Recently someone suggested to me that I “stop shaming” supporters of this President.
The seemingly admirable scolding followed my sharing a news article with the eye-witness account of a group of Neo-Nazi, white supremacists beating an interracial couple at a Tennessee restaurant, after the group’s local “White Lives Matter” rally had to be aborted.
I reminded those currently supporting this President that this very violence is on their hands right now; that it is the putrid fruit of their past vote and of their current advocacy on full, bloody display in that dining room—and it was this contention that earned the stranger’s wrist-slapping to discontinue dispensing shame.
Sorry, but I’m not having it anymore.
I tried that over and over and over during the past twelve months; to reach these people on a human level, to understand them, to build a bridge to them, to reach out and let them know that they were welcome to create something redemptive in response to this jagged ugliness—even if they helped create it.
None of that has worked.
They still proudly wear their MAGA hats.
They still loudly sing his praises.
They still contend he is an actual Christian.
They still applaud his nonsensical, vile, petulant ramblings as simply, “telling it like it is.”
They still pretend he is normal or qualified or admirable.
They still lap up and get drunk on the Fox News Kool-Aid.
And while they do—packs of delusional, white, mouth-breathing, knuckle-draggers walk into restaurants and beat strangers bloody and feel no fear in the process.
They brazenly walk through streets with torches and beat people with pipes and ram their cars into crowds.
They plaster anti-Semitic, homophobic, racist slurs across their social media profiles and workplaces and locker rooms and school hallways, without the slightest apprehension.
And they do it all, because they have been specifically emboldened by a President who has shown that this behavior reflects whatever is left of his heart, that he will not speak out against it, that he in fact applauds it through Cabinet appointments and policy decisions and incendiary Tweets—and because people who support him will find a way to make it appear justified or normal or Constitutional.
And if there’s any shame in this season in the life of America—it is surely this.
I’m through coddling indecency under the guise of ceremonial unity.
I’m over giving sickness a wide berth in the name of some surface level decorum.
I’m done protecting the supposed feelings of people who have shown time and time again, they lack even the most microscopic levels of empathy for those most violated and assailed in this country right now.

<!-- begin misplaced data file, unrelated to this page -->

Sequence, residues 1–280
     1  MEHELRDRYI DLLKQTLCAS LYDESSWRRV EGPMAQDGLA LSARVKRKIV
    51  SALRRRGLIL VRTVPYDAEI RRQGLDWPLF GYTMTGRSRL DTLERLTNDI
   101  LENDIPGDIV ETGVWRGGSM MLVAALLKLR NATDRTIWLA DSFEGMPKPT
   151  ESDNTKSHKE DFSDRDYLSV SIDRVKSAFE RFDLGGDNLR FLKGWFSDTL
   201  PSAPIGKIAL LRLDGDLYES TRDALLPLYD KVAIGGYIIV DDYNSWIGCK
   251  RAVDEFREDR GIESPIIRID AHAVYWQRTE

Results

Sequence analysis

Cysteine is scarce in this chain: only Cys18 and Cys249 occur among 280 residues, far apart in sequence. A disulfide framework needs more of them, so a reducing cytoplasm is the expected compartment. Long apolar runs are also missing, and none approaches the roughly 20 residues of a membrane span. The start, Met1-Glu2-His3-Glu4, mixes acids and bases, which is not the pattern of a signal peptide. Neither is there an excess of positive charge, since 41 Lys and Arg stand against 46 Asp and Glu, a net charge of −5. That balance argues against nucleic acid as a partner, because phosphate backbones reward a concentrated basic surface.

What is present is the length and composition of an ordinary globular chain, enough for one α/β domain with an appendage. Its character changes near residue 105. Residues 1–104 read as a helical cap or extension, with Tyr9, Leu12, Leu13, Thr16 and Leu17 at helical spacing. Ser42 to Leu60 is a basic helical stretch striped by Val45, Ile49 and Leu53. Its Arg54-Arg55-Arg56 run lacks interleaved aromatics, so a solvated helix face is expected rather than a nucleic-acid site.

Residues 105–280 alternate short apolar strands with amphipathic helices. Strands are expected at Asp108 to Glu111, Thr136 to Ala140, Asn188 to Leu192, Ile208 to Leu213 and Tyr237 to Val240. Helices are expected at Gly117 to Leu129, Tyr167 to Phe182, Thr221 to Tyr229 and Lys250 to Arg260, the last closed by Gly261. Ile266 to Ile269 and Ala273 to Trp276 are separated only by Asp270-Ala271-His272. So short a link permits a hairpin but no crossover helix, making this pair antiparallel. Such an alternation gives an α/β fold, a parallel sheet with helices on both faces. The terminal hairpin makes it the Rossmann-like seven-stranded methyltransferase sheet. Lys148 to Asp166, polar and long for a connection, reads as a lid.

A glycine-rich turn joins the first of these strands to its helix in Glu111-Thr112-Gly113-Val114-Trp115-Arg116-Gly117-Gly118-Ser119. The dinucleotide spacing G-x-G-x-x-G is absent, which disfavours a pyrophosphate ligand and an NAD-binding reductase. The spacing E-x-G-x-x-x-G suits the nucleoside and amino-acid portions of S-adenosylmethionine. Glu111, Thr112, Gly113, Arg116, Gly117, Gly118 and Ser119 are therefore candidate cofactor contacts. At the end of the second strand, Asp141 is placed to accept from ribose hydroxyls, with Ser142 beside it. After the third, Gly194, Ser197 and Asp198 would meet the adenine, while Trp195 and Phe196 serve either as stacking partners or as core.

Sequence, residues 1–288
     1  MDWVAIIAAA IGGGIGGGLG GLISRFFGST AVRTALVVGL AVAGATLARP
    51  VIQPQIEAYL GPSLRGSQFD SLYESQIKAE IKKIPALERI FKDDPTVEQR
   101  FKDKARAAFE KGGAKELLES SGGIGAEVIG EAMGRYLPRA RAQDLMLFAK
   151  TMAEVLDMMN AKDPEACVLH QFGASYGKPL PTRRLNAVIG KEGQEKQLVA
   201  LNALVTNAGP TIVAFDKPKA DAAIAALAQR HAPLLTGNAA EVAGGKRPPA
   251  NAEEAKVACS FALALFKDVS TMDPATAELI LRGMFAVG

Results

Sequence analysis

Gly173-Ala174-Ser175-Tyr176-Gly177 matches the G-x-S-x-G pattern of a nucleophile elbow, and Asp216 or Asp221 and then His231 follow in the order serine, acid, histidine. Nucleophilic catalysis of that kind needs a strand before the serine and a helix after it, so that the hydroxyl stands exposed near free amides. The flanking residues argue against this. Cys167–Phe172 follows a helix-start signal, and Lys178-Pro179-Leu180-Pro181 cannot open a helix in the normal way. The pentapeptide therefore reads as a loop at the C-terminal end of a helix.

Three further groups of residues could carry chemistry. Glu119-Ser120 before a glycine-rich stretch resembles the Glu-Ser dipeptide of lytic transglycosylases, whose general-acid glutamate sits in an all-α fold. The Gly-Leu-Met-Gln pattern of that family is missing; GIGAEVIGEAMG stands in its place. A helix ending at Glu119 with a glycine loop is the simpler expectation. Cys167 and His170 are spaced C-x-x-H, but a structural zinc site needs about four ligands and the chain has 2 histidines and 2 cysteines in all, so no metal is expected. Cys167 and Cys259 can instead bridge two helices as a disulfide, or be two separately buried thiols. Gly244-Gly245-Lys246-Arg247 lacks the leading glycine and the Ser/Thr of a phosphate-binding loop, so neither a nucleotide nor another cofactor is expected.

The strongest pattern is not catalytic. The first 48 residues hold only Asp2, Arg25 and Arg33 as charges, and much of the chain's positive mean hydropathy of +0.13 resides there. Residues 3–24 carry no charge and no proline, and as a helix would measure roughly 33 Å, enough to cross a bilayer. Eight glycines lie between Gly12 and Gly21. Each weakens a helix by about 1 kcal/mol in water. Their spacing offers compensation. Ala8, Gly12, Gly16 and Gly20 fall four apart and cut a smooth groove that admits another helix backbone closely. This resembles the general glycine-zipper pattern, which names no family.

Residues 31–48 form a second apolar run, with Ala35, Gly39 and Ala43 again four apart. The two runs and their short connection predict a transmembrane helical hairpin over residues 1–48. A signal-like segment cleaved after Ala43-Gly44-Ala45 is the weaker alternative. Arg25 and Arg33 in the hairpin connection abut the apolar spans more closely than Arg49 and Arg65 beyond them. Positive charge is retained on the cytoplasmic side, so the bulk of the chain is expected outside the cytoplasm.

Shaming isn’t what’s happening here:
Forcing an adult human being to be responsible for their sickening alliances isn’t shaming them.
Placing specific examples of the cancerous violence they’ve helped release since November isn’t shaming them.
Demanding accountability for their toxic political affiliations isn’t shaming them.
This is establishing ownership.
It’s the clear proclamation, that in the face of the most corrupt, incompetent, reckless, dangerous person to occupy the White House:
Their silence is shameful.
Their enabling is shameful.
Their rationalizing is shameful.
Their normalizing is shameful.
Their chest-thumping is shameful.
Bringing these things up is not shameful—and I’m not going to feel the slightest guilt about it.
If detailing the way marginalized people are being oppressed because of the color of their skin or their place of origin or their sexual orientation, is labeled by them as “identity politics”—I’ll play.
If them suggesting that the racism, homophobia, and misogyny we currently complain about are all just fantastical straw men we have erected—then I’ll gladly keep building them.
If showing the clear cause-and-effect between this President and the unprecedented Renaissance of open hatred we’re seeing, is deemed by them to be picking a fight—I’m okay with that.
And if not allowing those still supporting this President to look away from the deformed monster they’ve created and unleashed upon restaurants and town squares and high school fields and suburban neighborhoods; if that is throwing shame—then I’ll gladly throw it and feel no shame at all.
The woman who issued my reprimand followed-up with a now familiar refrain: “If you shame these people, they’ll never have a moment of clarity, they’ll only dig in their heels and double down. They’ll never be reachable.”
These are adults and they should have seen enough already.
If suggesting that protestors during the campaign be roughed up didn’t do it,
if the “grab them by the pussy” video didn’t do it,
if appointing Steve Bannon as right-hand man didn’t do it,
if Muslim bans and Mexican walls and ICE raids and Charlottesville didn’t do it,
if the beating of two human beings having dinner didn’t do it—
I’m not sure we can expect change anymore.
We may have to settle for open condemnation, so that those most in danger know that not everyone is okay with any of this.
I’m profoundly, deeply, and unashamedly not okay with any of it.
I’m also through apologizing for suggesting that humanity show up and actually be human.
To stand by and watch it all and to do nothing?
That would be truly shameful.
Order John’s book, ‘A Bigger Table’ here.